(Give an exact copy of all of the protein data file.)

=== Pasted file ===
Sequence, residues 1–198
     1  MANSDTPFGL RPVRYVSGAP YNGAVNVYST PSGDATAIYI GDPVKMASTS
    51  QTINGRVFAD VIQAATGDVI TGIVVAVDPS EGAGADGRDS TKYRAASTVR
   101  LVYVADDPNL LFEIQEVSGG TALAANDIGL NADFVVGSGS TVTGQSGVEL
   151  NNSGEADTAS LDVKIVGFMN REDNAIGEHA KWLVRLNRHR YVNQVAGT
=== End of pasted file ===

Sequence, residues 1–198
     1  MANSDTPFGL RPVRYVSGAP YNGAVNVYST PSGDATAIYI GDPVKMASTS
    51  QTINGRVFAD VIQAATGDVI TGIVVAVDPS EGAGADGRDS TKYRAASTVR
   101  LVYVADDPNL LFEIQEVSGG TALAANDIGL NADFVVGSGS TVTGQSGVEL
   151  NNSGEADTAS LDVKIVGFMN REDNAIGEHA KWLVRLNRHR YVNQVAGT